How to deal with the consent of adults with cognitive impairment involved in European geriatric living labs?

How to deal with the consent of adults with cognitive impairment involved in European geriatric living labs?
Guillaume Sacco, Frédéric Noublanche, Frédéric Blazek, Catherine Hue, Loïc Carballido, Marine Asfar, Philippe Allain, Cédric Annweiler
Philosophy, Ethics, and Humanities in Medicine, 16 June 2021; 16(3)
Open Access
Abstract
Background
Living labs are realistic environments designed to create links between technology developers and end-users (i.e. mostly older adults). Research in LLH (Living labs in health) covers a wide range of studies from non-interventional studies to CT (clinical trials) and should involve patients with neurocognitive disorders. However, the ethical issues raised by the design, development, and implementation of research and development projects in LLH have been the subject of only little interest thus far.
Objective
Our aim was to determine a pragmatic, ethical and regulatory correct approach to seek the informed consent of patients with neurocognitive disorders according to the different types of studies carried out in European LLH, with a focus on the French context.
Methods
A narrative review of regulatory texts and clinical articles was conducted, and a pragmatic procedure to determine the decision-making capacity of older adults in LLH was proposed.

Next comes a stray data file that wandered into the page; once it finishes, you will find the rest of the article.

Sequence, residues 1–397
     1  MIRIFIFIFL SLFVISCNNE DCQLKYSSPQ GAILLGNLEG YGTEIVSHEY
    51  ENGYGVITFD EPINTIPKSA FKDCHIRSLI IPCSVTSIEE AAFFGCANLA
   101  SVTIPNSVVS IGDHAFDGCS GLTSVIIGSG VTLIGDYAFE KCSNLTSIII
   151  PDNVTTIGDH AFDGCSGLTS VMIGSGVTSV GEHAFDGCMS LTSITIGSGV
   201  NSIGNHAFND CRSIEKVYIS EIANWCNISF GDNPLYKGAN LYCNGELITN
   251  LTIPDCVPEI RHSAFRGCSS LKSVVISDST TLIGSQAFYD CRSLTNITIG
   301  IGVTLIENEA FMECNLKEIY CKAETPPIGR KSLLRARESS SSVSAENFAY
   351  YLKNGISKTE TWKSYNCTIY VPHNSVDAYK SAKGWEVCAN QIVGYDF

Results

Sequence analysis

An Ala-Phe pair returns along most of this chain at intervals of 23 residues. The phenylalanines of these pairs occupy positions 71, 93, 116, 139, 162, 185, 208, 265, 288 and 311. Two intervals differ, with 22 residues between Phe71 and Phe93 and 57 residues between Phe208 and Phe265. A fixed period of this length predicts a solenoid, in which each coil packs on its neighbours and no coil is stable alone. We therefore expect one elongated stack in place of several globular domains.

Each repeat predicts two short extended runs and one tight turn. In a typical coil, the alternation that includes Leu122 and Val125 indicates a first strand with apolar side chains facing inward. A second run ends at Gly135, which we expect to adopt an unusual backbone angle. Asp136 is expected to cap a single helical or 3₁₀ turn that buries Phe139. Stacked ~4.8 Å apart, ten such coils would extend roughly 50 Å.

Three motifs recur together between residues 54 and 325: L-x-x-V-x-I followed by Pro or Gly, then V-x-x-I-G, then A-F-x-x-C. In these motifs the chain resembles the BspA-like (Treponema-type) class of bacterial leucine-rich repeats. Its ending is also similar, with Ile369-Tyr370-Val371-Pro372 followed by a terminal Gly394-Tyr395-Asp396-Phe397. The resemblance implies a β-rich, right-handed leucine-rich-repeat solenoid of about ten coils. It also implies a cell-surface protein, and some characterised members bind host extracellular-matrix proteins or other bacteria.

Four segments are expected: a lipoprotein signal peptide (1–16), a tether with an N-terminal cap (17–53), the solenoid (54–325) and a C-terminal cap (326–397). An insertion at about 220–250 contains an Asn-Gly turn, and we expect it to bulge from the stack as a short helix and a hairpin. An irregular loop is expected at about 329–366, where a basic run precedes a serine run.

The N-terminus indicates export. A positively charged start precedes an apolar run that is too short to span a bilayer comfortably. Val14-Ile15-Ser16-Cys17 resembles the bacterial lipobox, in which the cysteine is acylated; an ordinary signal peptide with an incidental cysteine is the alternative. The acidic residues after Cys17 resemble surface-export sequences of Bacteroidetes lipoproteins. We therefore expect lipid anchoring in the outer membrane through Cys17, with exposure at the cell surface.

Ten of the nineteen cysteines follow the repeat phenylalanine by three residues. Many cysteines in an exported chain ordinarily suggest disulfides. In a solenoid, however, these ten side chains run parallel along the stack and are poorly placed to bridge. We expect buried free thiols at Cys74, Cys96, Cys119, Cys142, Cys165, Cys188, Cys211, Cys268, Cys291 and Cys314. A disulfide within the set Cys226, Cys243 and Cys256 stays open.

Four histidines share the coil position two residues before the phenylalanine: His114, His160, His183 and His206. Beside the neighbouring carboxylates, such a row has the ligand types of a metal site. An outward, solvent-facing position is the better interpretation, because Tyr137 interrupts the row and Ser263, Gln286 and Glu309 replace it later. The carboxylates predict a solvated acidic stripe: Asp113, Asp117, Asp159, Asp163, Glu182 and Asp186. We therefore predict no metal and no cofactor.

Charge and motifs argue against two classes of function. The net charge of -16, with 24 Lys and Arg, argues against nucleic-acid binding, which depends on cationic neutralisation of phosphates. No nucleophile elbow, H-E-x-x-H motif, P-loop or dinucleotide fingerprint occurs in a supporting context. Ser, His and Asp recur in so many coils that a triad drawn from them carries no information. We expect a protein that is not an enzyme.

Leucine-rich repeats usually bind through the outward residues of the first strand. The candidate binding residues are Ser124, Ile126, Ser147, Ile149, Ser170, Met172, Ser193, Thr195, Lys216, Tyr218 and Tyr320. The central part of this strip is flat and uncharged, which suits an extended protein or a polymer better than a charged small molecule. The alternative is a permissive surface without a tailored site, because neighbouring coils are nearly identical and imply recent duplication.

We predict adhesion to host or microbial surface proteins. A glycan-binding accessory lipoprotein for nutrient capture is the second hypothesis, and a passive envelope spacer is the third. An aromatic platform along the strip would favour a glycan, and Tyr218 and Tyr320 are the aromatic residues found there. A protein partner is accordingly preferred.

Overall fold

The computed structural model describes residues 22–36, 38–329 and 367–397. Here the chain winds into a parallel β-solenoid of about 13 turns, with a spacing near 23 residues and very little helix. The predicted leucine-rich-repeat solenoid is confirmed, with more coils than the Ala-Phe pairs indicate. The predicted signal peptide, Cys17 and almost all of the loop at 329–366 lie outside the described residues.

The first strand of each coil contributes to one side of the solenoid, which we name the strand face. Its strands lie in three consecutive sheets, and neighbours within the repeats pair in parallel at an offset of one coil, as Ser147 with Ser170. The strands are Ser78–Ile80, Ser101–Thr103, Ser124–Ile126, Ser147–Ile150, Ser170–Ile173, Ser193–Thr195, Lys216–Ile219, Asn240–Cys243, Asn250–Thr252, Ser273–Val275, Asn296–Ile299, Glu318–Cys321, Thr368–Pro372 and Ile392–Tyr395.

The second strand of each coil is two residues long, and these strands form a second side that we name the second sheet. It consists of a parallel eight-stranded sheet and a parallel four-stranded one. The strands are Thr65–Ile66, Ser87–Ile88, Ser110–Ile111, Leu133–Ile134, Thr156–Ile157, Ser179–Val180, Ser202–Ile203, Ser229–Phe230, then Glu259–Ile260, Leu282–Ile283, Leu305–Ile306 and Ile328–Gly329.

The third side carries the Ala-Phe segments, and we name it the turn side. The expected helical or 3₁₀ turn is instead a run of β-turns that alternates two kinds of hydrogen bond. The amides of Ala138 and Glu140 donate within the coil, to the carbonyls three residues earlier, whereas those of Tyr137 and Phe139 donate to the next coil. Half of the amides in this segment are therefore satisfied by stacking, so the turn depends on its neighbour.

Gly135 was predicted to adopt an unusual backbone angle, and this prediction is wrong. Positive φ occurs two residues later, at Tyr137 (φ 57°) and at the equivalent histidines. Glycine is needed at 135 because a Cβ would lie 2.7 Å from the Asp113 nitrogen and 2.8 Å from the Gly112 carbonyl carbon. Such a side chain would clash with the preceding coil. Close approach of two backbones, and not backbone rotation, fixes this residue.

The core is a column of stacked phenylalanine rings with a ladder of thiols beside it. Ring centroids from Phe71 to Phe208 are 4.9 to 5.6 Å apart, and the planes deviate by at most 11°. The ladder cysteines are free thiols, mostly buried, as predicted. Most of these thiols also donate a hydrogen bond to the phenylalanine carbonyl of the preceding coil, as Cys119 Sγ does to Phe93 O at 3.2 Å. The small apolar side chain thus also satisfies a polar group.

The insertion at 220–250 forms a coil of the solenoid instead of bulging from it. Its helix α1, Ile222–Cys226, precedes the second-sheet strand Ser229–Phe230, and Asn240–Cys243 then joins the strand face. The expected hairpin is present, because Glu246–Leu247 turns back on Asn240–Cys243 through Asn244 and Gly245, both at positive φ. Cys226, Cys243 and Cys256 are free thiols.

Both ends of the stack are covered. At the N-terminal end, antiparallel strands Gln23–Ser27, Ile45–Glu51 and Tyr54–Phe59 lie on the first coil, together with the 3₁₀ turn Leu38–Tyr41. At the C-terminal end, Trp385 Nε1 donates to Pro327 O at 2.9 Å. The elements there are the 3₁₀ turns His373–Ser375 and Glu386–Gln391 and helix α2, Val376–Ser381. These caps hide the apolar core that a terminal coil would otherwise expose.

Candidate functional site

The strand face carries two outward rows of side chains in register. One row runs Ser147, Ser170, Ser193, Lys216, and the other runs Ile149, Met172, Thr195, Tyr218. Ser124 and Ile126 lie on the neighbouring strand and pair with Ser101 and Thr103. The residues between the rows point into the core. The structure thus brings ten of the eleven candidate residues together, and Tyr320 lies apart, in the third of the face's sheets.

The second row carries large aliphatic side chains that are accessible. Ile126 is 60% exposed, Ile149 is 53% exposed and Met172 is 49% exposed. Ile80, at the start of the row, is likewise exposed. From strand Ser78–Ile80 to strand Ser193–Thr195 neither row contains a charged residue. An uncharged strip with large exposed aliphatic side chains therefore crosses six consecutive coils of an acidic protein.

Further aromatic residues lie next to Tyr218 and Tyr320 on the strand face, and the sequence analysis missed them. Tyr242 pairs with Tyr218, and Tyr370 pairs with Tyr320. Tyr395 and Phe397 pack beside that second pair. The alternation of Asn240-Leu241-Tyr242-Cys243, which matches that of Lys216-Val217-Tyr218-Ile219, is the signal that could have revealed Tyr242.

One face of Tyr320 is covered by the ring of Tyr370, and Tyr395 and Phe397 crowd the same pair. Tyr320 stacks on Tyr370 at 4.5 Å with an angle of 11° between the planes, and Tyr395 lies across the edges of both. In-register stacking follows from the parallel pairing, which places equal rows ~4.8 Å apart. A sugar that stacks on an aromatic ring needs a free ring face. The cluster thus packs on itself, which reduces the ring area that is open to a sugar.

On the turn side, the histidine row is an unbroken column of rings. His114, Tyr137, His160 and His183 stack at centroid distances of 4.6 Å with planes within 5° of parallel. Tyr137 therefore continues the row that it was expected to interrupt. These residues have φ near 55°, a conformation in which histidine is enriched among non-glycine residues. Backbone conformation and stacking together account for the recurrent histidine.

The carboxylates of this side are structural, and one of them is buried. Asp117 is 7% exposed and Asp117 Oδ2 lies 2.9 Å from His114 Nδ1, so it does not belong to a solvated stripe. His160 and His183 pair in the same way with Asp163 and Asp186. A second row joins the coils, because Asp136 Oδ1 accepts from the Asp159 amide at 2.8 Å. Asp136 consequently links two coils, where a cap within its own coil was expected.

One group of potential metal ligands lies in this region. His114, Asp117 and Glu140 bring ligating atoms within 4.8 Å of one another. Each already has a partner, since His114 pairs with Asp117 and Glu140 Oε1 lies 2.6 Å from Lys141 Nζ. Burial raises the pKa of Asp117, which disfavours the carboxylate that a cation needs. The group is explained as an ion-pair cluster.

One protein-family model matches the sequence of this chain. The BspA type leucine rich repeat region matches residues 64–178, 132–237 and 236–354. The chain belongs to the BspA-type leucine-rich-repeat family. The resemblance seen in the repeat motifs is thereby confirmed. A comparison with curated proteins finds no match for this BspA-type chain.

Results
Individuals must be adequately informed and freely agree to participate in CT. The capacity to consent should be assessed in CT including cognitively impaired older adults. We propose the following steps: first to assess for delirium using the 4 ‘A’s Test (4AT) or the 3-min Diagnostic interview for Confusion Assessment Method (3D-CAM), second to search for medical history of major neurocognitive disorder, and third to assess the decision capacity using the University of California, San Diego Brief Assessment of Capacity to Consent (UBACC).
Conclusions
Including individuals with neurocognitive disorders in research implies using an efficient and pragmatic strategy to inform participants and obtain their consent. The tool we offer here may be useful in the routine operation of LLH but can also be extended to all CT with this population.

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